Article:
BJP's 'disciplined-party' plank goes for a six in southern foray
The BJP's grand plan of emerging as a strong force in southern India is getting stymied by unending troubles in its ruling unit in Karnataka which have sent the oft-flaunted "disciplined-party" plank for a six.
Ever since it came to power in the state for the first time in May 2008, the party has been busy in balancing acts to save its governments - three in four years.
In what must be a record for any party, even the third government headed by Jagadish Shettar is tottering within six months of taking over from the D.V. Sadananda Gowda regime which lasted less than a year.
Its first chief minister, B.S. Yeddyurappa, lasted just over three years, with his rule marked by scores of scandals and frequent rebellions.
While he was troubled by the BJP's then money-bags, the mining-scam marred Reddy brothers of Bellary, Yeddyurappa is now on the verge of making Shettar his second victim.
Yeddyurappa brought down the Gowda government in July after installing it when he was forced to quit last July over mining bribery charges. He had then defeated Shettar's bid to become chief minister.
The fear of the Shettar government going out of office when assembly elections are due in less than six months is forcing the BJP to go slow on taking action against 14 of the party's 118 assembly members who have defied the threat of expulsion to back Yeddyurappa's new outfit, the Karnataka Janata Party (KJP).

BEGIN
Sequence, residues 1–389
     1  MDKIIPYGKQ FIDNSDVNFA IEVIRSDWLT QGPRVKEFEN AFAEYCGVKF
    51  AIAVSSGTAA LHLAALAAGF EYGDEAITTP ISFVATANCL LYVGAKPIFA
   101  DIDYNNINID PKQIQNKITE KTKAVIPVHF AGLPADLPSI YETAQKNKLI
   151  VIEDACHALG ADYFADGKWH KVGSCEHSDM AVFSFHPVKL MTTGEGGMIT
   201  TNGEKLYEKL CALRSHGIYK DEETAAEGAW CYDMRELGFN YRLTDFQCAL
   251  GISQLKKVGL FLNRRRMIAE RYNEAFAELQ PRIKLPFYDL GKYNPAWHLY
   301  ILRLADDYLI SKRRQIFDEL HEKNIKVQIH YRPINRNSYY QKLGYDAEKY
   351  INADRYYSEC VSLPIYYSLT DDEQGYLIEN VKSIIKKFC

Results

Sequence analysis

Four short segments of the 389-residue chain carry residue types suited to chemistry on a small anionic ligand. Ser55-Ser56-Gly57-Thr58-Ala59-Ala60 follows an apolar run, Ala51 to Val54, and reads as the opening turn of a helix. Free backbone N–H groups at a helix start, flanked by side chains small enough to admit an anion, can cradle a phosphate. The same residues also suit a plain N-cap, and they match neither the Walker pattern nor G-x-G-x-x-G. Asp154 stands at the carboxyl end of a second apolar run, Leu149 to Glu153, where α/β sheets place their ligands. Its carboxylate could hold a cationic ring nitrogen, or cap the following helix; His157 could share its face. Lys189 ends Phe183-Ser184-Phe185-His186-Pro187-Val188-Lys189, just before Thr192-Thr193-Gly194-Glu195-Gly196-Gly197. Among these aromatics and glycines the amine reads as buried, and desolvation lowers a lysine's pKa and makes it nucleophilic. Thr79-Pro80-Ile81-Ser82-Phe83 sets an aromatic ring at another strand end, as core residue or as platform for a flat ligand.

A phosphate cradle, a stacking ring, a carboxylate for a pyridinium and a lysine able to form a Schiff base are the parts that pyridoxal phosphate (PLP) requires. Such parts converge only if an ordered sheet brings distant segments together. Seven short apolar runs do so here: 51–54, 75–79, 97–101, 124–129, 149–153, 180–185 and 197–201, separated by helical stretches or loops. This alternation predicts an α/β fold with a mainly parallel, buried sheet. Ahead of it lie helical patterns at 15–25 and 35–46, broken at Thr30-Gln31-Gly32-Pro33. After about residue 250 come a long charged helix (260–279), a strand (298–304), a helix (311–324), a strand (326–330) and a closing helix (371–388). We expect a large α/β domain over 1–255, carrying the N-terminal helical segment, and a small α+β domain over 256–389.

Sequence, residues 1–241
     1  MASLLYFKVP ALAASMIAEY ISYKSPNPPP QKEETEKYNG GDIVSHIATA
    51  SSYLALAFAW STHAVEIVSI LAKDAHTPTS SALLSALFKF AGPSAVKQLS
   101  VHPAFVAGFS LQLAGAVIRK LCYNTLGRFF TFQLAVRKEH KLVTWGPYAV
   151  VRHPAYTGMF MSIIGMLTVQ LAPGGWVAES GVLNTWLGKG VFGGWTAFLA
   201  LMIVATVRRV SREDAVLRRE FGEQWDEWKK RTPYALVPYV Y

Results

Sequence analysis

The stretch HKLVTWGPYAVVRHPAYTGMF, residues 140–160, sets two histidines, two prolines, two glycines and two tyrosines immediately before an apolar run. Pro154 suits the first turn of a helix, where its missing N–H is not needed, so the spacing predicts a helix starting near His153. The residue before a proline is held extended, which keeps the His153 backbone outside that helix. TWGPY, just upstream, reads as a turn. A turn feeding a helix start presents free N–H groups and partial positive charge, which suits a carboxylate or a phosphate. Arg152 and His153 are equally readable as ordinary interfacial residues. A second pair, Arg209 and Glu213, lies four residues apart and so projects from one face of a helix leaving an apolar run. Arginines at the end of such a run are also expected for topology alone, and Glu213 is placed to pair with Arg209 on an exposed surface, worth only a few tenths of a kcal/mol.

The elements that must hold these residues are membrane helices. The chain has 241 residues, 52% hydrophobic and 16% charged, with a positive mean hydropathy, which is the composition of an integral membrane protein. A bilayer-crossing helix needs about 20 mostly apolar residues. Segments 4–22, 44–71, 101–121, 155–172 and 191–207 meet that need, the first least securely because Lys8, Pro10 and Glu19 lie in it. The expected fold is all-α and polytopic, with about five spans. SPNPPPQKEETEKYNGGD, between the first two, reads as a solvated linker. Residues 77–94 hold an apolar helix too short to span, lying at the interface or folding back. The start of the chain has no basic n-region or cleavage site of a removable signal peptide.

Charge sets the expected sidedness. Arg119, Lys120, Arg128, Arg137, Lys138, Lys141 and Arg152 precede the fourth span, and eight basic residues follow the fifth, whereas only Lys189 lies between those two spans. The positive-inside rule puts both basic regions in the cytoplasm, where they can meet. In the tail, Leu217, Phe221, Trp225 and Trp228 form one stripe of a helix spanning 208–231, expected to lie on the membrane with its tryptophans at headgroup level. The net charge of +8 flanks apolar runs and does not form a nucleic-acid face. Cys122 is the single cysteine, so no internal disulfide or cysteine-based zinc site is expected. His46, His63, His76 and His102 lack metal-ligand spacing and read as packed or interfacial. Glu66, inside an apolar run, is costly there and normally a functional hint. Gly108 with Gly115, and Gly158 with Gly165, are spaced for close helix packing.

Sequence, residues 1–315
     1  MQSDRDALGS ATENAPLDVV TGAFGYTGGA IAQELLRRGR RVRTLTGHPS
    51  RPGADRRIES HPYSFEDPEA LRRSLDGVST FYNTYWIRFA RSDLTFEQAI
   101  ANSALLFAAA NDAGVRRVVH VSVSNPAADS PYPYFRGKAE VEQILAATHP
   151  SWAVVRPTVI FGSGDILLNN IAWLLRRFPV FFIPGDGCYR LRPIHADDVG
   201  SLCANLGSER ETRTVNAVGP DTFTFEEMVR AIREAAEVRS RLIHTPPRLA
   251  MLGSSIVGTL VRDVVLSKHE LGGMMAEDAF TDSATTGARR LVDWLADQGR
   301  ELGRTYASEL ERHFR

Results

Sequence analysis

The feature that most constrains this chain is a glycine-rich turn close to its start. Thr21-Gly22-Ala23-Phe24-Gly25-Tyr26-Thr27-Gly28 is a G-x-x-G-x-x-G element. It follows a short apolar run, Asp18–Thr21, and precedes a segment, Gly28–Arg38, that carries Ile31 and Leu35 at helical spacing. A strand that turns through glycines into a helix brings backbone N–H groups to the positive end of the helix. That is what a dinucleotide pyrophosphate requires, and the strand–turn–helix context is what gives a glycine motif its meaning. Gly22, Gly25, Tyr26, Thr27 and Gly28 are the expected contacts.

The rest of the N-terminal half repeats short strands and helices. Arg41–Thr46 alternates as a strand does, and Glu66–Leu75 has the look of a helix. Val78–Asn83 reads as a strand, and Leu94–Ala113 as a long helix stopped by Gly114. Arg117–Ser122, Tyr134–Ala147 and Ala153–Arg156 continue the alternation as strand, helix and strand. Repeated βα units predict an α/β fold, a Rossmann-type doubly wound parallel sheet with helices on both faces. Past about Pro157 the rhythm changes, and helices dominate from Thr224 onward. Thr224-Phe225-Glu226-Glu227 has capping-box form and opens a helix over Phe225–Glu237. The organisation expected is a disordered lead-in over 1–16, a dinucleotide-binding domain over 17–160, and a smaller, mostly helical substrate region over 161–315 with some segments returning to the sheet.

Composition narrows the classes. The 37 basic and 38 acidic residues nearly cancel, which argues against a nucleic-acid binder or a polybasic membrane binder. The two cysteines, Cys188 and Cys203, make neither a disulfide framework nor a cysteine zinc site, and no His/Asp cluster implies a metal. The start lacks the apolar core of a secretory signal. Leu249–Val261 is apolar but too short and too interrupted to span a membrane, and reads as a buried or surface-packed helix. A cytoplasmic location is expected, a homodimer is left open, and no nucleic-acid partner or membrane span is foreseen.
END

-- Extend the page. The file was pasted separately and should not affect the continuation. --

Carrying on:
The former chief minister quit the party Nov 30 to lead the KJP and pitch it as the BJP's main opponent in the assembly elections.
At least six ministers are also openly backing Yeddyurappa in his new venture.
These rebel legislators are playing on the BJP's desire to the save the Shettar government. They are threatening to resign if even a show cause notice is served on them seeking an explanation for aligning with the KJP.
Such a step could lead to the fall of the Shettar government as it will be reduced to a minority in the 225-member assembly.
The BJP's wait-and-watch policy has emboldened Yeddyurappa to mock his former party. "They know who are the ministers and legislators supporting me. Why cannot they just take action instead of issuing threats," he has been taunting the BJP since Dec 9, when he formally launched the KJP.
The BJP central leadership has to blame itself for allowing the situation to come to such a pathetic state in Karnataka as it papered over frequent rebellions in the state unit to ensure the party stays in power for the full term of five years.
Aiding the indiscipline in the Karnataka unit of the party was the belief among its leaders in the state that the central leadership is itself a divided house.
A coincidence is that now it is Yeddyurappa who is sulking while in May 2008 it was Shettar.
Shettar was upset that he was not taken in the cabinet by Yeddyurappa when the party captured power for the first time. He was forced to accept the speaker's post by the party central leadership.
Shettar was not made a minister then as Yeddyurappa apparently thought he was a rival.
By dilly-dallying when firm action was called for to rein in indiscipline, the BJP may realise too late that it is a loser on many counts - its claim to be a corruption-free, disciplined party is proving to be shallow, the government is almost on its way out before the assembly term and its bleak prospects of returning to power in the polls.
(V.S. Karnic can be contacted email@example.com)